An American Badger cub plays a game of hide and seek with the photographer. Taken back in May with this little one’s mom had her den right near a road with great visibility. It was about time for the cubs to wake up and I was patiently waiting their appearance. This guy was the first to show but not without checking out his surroundings and making sure it was all clear.

The American Badger is a rarely seen creature found across the western and central United States, northern Mexico and southern Canada. Its preferred habitat includes grasslands where it can find it’s the prey it relies on to survive.

Carnivorous, the badger is part of the same family that includes the wolverine, ferret and weasel. It is ferocious in its hunting ability choosing snakes, prairie dogs, mice and other residents of plains-like areas where it lives. It is considered an endangered species in parts of Canada and a threatened species in some locations in the United States.

An American Badger cub cautiously peers out from its burrow on the Colorado plains.  (© Tony’s Takes)

An American Badger cub cautiously peers out from its burrow on the Colorado plains. (© Tony’s Takes)

“It’s 20 minutes to quitting time on a Friday and you want me to do what?”

Ever had that happen? Just getting ready to head out the door for the weekend and the boss tells you something simply must be done before you go? I suspect a human’s reaction would be something like the stink-eye this male Bald Eagle was giving me last week. LOL!

Have a great weekend, everyone, and enjoy what is left of your Freedom Friday.

More of these cool creatures here.

An American Bald Eagle displays a rather serious look.  (© Tony’s Takes)

An American Bald Eagle displays a rather serious look. (© Tony’s Takes)

American White Pelican demonstrates standing on water ability

A pretty extraordinary feat, eh? 😉 Well, okay, maybe not. This is one frame of a sequence of images I took of this cool bird as it was taking flight. This one just happens to freeze the action at just the right moment.

American White Pelicans spend their winters along the Gulf and southern Pacific coasts as well as in Mexico. Springtime sees them move north with many going to Canada and the northern plains but some choosing to stop part way and spend the summer in the Centennial State, northern California and a few other spots.

An American White Pelican seem to stand on the water at one point while taking flight on a lake on the Colorado plains.  (© Tony’s Takes)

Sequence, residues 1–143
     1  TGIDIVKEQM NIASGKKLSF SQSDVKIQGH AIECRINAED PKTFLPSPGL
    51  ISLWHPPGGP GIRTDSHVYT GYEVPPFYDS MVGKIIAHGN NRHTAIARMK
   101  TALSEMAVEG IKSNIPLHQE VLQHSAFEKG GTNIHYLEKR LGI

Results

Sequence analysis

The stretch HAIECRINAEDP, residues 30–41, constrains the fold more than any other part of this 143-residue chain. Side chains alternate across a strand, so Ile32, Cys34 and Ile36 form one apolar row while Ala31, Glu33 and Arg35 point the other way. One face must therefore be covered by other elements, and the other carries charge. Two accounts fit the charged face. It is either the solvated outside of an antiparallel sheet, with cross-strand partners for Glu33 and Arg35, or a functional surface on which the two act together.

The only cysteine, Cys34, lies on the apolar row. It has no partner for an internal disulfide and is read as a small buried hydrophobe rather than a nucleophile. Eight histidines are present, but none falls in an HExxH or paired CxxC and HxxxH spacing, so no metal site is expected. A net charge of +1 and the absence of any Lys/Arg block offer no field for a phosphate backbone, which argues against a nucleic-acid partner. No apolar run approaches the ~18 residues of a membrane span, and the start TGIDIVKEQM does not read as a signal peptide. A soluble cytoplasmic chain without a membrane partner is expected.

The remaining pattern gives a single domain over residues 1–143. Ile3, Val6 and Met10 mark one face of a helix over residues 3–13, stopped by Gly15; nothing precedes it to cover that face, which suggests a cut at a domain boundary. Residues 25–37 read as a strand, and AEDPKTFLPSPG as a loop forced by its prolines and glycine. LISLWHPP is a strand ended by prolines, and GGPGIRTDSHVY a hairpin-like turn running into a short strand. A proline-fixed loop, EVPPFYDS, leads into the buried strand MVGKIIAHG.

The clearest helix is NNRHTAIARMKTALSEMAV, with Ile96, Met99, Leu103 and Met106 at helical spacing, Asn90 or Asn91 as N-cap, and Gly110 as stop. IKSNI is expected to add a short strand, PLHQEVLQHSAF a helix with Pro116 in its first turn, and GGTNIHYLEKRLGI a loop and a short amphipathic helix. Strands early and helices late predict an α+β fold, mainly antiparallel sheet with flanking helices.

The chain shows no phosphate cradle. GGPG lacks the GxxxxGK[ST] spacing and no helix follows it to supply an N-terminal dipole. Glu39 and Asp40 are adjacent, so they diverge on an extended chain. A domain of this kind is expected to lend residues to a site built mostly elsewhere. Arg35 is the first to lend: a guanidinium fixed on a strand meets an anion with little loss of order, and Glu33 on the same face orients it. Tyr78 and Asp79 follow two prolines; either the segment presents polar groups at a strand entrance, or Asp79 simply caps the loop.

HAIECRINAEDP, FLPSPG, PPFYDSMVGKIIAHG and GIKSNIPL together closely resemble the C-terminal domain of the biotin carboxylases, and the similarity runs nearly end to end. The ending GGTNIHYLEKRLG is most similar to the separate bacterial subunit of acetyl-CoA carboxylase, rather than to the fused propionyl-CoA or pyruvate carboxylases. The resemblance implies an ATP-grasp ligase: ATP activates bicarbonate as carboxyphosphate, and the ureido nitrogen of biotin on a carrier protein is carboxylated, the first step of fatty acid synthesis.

An American White Pelican seem to stand on the water at one point while taking flight on a lake on the Colorado plains. (© Tony’s Takes)

Squared off and ready to do battle

The Bison bull on the left you might recognize from my posting this morning. With their hormones raging, these two big guys were not playing nice with each other. They pushed each other all over the place including across the road right in front of me.

It was a pretty impressive display and makes you appreciate their sheer power, something you don’t get a feel for when they are calmly grazing. Light was at a premium so I had to use a high ISO and thus the image isn’t as sharp as I would like. Nevertheless, the look on their faces is awesome!

Two massive Bison bulls prepare to do battle during the annual rut. (© Tony’s Takes)

Two massive Bison bulls prepare to do battle during the annual rut. (© Tony’s Takes)

Rough rut

This massive Bison bull bears the battle scars of mating season. A broken horn, blood from his rival. Wow!

It was a pretty wild scene two weeks ago when I came upon the main part of the herd. Multiple battles were going on, some within just feet of my truck. This guy is the big man on campus and he did not appreciate being challenged by an upstart. The pair went at it for a good while, head to head, body blows, shoving each other across the grassland.

At one point, this guy broke a piece of his horn off but that didn’t prevent what was left from doing damage to the competitor and drawing blood. Awesome! Once the action died down, he came over and seemed to want a picture taken to show his scars. I obliged.

A Bison bull bears the signs of a rough battle during the annual rut. (© Tony’s Takes)

A Bison bull bears the signs of a rough battle during the annual rut. (© Tony’s Takes)